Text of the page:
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We “dirty hands” gardeners can band together
In spirit, if not in four walls.
We can share plants and insights,
Instigate, propagate, and appreciate;

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Rooted Begonia cutting

Rooted Begonia cutting resting on a bowl of Pitcherplants

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Perhaps we can even help rehabilitate 
Some sterile lawn somewhere
Into something which nurtures beauty
And feeds souls….

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A gift of Siberian Iris, from Barbara, growing in a new section of the garden.

A gift of Siberian Iris, from Barbara, growing in a new section of the garden.

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Others can judge flowers,
Decorate homes at Christmas
And organize tours.
These things are needed, too.

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Native Hibiscus

Native Hibiscus

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(But I would rather be out in the garden;
Where cardinals preside over the morning meeting,
And  hummingbirds are our special guests for the day.
The daily agenda ranges from watering to transplanting;
From pruning to watching for turtles and dragonflies.)

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We  wear our muddy shoes and well worn gloves with pride,
Our spades and pruners always close at hand.

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We converse with Nature,
And re-build the web strand by strand,
Plant by plant.

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If this invitation speaks to you,
Perhaps we can work together,
From wherever we might find ourselves
Around the globe.
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We can each put our hands in the dirt
and create a garden,

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Nurture Beauty,
And restore health and vitality to our Earth, together.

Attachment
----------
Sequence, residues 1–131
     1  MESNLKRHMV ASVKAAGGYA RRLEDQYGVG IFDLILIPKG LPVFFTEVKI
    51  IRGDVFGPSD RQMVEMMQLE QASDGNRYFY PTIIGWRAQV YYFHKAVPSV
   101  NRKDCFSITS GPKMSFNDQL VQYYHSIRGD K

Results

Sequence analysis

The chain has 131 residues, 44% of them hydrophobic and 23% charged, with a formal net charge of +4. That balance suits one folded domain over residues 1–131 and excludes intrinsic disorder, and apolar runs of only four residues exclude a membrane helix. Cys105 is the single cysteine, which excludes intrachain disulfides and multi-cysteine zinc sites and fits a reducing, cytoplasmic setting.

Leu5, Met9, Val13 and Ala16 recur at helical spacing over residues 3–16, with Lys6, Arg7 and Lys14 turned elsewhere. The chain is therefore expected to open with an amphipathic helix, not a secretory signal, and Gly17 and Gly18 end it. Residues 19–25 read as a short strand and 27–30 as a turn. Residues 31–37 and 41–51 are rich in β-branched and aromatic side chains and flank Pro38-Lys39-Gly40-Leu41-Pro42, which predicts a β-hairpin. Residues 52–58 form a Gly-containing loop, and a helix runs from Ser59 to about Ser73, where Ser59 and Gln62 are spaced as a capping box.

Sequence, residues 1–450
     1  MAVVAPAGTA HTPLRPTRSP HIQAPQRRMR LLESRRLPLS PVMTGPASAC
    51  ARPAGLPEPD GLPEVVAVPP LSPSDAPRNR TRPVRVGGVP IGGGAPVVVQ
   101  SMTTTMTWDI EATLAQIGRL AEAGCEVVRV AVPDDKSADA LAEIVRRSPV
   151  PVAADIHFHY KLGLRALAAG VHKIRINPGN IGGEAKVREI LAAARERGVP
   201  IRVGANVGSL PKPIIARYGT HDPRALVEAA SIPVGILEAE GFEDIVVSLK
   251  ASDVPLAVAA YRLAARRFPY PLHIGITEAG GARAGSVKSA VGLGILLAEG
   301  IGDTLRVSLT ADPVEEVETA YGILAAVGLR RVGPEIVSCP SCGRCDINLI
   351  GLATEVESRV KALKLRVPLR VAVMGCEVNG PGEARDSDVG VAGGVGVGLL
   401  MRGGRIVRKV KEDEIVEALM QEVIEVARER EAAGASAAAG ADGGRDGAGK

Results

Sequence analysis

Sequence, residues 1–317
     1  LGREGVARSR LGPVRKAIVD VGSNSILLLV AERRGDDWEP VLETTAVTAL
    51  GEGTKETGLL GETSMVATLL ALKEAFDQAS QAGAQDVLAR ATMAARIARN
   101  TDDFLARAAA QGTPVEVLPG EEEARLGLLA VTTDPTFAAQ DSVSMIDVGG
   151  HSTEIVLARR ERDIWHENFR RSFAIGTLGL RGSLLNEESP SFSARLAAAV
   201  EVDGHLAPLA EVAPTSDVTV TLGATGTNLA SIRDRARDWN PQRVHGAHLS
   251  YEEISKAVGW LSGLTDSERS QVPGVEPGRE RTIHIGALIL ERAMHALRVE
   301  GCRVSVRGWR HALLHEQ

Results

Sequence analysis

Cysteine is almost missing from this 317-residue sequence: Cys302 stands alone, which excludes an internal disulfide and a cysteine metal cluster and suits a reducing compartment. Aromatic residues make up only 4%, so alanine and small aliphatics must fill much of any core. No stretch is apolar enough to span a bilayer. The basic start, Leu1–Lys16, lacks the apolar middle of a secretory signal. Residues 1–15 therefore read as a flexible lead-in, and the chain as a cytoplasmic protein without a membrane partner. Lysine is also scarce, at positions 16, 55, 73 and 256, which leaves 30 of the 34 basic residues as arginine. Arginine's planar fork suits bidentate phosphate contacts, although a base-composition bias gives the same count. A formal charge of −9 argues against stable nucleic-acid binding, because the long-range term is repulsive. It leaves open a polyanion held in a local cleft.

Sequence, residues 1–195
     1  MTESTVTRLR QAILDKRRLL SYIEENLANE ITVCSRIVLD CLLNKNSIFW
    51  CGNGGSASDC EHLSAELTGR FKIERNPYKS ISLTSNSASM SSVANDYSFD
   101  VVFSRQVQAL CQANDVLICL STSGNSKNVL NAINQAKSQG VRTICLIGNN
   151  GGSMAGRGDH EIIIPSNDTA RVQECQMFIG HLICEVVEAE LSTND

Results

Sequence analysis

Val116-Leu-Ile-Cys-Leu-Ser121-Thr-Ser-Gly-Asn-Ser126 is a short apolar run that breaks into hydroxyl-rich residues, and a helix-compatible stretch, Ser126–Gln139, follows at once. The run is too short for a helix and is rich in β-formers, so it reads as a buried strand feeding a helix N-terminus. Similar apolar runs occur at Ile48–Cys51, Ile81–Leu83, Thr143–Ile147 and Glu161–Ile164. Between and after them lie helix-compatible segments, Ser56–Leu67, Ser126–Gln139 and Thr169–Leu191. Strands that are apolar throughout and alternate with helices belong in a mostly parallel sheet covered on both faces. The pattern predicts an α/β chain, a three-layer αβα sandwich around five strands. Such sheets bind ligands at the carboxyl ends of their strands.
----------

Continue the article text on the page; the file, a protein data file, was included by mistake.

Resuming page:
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Does a “Dirty Hands” Garden Club
Appeal to you?

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Words and Photos by Woodland Gnome 2014
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Canna

Canna

What I Learned From Our Hummingbird

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As more and more flowers continue to bloom, hummingbirds become more frequent visitors to our garden.

They dart around so quickly from flower to flower, and are normally so shy, that I’ve had no photos to share with you; though we see them daily now.

We’ve identified at least four different hummingbirds who frequent the garden.

But one was kind enough to visit with me at the Stump Garden late on Sunday afternoon .

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Returning from a walk to a friend’s home, I stopped to take photos of the newly blooming Gladiolus.

And while I was busy snapping away from various angles, I heard the whirring buzz of a hummingbird zooming into the garden to sample the Glad’s nectar.

The hummingbird is drinking from the lowest flower on the left.

The hummingbird is drinking from the lowest flower on the left.

He was so comfortable hovering inside the huge Glad blossom, that he ignored me and my clicking, chiming camera entirely.